Health District seeks $250 parcel tax

“Lord, save us from old age and broken health and a hope tree that has lost the faculty of putting out blossoms” – Mark Twain

Measure B, the Sonoma Valley Healthcare District’s five-year renewal of a $250-per year parcel tax, comes before voters next month.

And the question posed in the election this March 7 isn’t whether Sonoma Valley supports its hospital – it’s whether two-thirds of Sonoma Valley supports its hospital at an additional $55 per year. That’s what’s needed to pass Measure B, which would raise $3.85 million a year through 2022 for the budget-squeezed SVH.

This latest renewal of the hospital parcel tax first approved in 2002 is asking for 28 percent more per year than the $195 district residents have been paying since 2007, an uptick district officials say reflects the greater financial challenges community hospitals face today than they did a decade ago.

Chief among those challenges, the Measure B campaign points to, is the rising rate of hospital patients on Medicare and the falling rate of patients on commercial insurance. The percentage of claims for government reimbursement has risen from 70 to 73 percent since 2013, according to District officials – yet the government “has always reimbursed hospitals at a level that is below the cost of these services,” according to the Measure B campaign. It’s a problem faced by many community hospital districts, yet is exacerbated in a region like Sonoma Valley, whose demographic trends indicate an even higher increase in Medicare customers going forward – it’s an aging community, and the cost of healthcare continues to rise.

Sonoma Valley has a history of supporting the hospital parcel tax. The tax first passed in 2002 – that $130 per year for five years measure earned a whopping 84 percent of the vote. The next two renewals, in 2007 and 2012, bookending the bleakest years of the recession, both mustered more than 73 percent approval. When it comes to Sonoma Valley Hospital, district voters have thus far put their money where their open-up-and-say-ah mouth is.

And we think they should again in Measure B. With the ever-shifting health-care landscape, the parcel tax is the only way to ensure Sonoma Valley will retain its community hospital.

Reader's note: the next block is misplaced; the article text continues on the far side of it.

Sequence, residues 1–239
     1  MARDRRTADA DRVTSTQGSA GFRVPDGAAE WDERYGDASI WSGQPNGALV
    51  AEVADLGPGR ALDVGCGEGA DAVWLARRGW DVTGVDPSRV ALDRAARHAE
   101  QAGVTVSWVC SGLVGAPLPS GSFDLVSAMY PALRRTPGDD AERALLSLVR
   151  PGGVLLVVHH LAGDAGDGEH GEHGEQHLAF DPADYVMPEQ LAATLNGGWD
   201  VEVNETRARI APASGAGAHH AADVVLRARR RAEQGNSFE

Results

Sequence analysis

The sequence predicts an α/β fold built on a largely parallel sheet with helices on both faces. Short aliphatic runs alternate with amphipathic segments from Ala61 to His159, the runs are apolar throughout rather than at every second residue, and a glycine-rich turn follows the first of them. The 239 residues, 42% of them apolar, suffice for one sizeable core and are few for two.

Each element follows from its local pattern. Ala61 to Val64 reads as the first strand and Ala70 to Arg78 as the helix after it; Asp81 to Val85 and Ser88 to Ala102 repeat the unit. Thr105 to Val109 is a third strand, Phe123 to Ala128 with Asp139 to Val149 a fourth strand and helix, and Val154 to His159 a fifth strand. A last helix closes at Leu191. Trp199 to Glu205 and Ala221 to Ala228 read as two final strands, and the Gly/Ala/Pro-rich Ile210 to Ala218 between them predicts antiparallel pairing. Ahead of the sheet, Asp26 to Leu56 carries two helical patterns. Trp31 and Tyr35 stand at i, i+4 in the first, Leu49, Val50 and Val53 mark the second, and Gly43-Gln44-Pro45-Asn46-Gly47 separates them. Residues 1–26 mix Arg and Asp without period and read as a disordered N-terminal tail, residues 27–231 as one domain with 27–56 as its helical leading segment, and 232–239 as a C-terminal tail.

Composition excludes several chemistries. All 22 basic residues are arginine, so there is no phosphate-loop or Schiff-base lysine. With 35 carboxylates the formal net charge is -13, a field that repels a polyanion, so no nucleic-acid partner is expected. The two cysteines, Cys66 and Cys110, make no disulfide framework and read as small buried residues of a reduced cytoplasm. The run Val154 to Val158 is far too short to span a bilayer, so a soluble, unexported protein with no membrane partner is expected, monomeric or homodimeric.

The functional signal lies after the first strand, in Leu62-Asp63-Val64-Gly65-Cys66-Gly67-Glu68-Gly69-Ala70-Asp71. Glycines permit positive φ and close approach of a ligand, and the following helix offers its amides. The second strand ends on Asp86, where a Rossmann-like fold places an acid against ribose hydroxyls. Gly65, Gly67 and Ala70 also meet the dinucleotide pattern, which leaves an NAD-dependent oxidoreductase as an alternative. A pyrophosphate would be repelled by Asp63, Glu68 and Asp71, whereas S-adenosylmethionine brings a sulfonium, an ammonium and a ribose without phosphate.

As in many local healthcare districts, the hospital operates at a loss. This is largely due to simple economics: while costs to operate the hospital have increased – wages, technology upgrades, the growing number of Medicare claims – new sources of revenue to counter those losses are increasingly hard to find.

To its credit, the district has had some success in narrowing the gap. Measure B proponents point out that the hospital’s operating margin, “although still negative, has improved in each of the last three years.” Those numbers have been helped by writing off the depreciation of district assets. According to healthcare district board member Bill Boerum, the depreciation is projected to stay the same in the next three years, while costs continue to rise. When all the numbers are crunched, according to Boerum – who, along with the rest of the district board members, supports the five-year renewal – the district is expected to be in the red slightly over $1 million per year in the next three years if the parcel tax doesn’t pass.

District board member Peter Hohorst acknowledges the challenges in keeping quality of care high, while staying economically competitive with other county hospitals. “The wages in this area are determined by Santa Rosa Memorial, Kaiser and Sutter,” he told the Index- Tribune last week, noting that the District tries to stay somewhere in the midpoint to ensure the consistency of staff needed to maintain a high-quality of care. Hohorst pointed out that last year the hospital received a four-star rating – out of a possible five – for quality and safety from the Center for Medicare and Medicaid Services.

We know that the healthcare district has its critics and we encourage them to remain diligent when it comes to hospital transparency and oversight. But no organized opposition has emerged to contest Measure B, and no argument against it will appear on the ballot.

Sonoma Valley residents have made it very clear – in what they say, what they write in letters to editor, and how they’ve voted in recent elections – they want to have a viable community hospital that provides quality health care close to home.

For the foreseeable future – and certainly for the next five years – that means passing Measure B.

We recommend a Yes on Measure B.

Jason Walsh, editor

John Burns, publisher